3. However, the Board agreed with the judgment of the Court of Appeal (Lord Anderson of Ipswich, Sir Wyn Williams and Sir William Bailhache) on this point, and with the judgment of the Royal Court (Commissioner Clyde-Smith), at first instance.
  4. Significantly, the Board held that a wider interpretation of the legislation allowed Jersey to provide more effective co-operation and asset recovery, and that there are particular reasons why it is appropriate for Jersey to provide such assistance (paragraph 72).
  5. The Board noted that Jersey has a very substantial trust industry and that the trust structure in this case (a discretionary Jersey law trust, with a BVI incorporated asset holding company holding underlying assets situated abroad) is a common form of Jersey based trust.
  6. It agreed with the Court of Appeal that an interpretation of the legislation which allows the Court to make interim orders, such as the saisie judiciairesin this case, which ensured that the assets of a criminal or suspected criminal are retained in Jersey pending a resolution of the issues relating to confiscation will 'without doubt, provide significant assistance in helping to protect Jersey's reputation in financial matters' (paragraph 73).
The second appeal – assignment of the mortgage 
  1. The second appeal (brought by the Attorney General) concerned whether the Court of Appeal was right to grant a declaration that Credit Suisse as the holder of the mortgage over the apartment in Singapore was entitled to assign its rights under that mortgage to a third party.
  2. In 2018 Credit Suisse had been granted a variation to the saisies judiciaires to allow it to sell the apartment in Singapore.
  3. However, members of Mr Tantular's family had subsequently applied for a declaration that the saisies judiciairesdid not prevent Credit Suisse from assigning its rights under the mortgage to a third party.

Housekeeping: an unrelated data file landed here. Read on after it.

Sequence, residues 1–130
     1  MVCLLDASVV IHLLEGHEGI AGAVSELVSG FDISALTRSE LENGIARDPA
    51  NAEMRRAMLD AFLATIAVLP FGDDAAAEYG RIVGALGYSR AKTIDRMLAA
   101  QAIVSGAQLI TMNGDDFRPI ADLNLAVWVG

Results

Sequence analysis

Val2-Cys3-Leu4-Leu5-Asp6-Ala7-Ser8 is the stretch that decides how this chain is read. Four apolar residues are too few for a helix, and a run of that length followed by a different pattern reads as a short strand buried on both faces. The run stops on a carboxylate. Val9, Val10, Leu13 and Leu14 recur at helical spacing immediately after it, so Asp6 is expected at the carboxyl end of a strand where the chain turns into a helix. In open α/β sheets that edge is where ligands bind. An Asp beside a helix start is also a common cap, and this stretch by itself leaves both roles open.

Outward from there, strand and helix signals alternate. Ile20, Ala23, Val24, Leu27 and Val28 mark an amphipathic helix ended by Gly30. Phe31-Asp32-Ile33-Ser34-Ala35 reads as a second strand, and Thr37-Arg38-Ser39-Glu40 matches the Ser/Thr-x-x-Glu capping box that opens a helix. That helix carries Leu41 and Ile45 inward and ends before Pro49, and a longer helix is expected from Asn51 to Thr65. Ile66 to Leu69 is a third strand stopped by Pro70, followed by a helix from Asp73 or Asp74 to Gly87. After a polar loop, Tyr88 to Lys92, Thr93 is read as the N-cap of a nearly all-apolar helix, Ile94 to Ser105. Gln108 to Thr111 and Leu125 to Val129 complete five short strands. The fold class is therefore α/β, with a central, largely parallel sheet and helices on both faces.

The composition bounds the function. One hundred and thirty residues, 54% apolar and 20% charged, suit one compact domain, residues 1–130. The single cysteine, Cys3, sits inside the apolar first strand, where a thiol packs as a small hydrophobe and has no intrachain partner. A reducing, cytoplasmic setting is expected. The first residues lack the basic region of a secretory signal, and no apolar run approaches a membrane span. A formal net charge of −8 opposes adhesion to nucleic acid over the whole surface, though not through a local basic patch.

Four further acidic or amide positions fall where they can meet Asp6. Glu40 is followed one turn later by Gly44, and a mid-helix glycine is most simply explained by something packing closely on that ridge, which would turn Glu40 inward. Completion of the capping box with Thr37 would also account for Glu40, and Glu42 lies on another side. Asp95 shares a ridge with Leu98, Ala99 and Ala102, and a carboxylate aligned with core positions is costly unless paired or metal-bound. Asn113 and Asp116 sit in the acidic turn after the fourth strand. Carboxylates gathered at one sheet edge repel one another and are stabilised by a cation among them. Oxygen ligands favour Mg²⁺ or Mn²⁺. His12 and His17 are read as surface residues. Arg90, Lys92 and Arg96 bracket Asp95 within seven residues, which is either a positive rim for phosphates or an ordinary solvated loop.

4. The family also proposed that the rights be assigned to an old family friend in Indonesia who would then pay off the debt to Credit Suisse and be more flexible about repayment of the loan, thereby allowing them to stay in the apartment.
  5. The Royal Court at first instance (Commissioner Clyde-Smith and Jurats Ramsden and Pitman) had refused to grant the declaration, but following an appeal by the Tantulars, the Court of Appeal had granted the declaration sought.
  6. The Board disagreed with the decision of the Court of Appeal on the grounds that the proposed assignment to the old family friend could have aided or abetted a breach of the saisie judiciaireand would have permitted a transfer that interfered with the administration of justice.
  7. It confirmed that the mortgage itself was not subject the saisies judiciaires which applied to the net equity in the property.
  8. The Board gave guidance to banks in the position of Credit Suisse and found that in this case the differences between Credit Suisse, as a regulated global financial institution acting at arm's length to the Tantulars, and the old family friend who was an unregulated individual "could not be more clear cut'(paragraph 156).
The third appeal – sovereign immunity 
  1. The third appeal was also brought by the Attorney General, on the grounds that a costs order made by the Court of Appeal was contrary to the regime for providing effective mutual legal assistance to foreign states.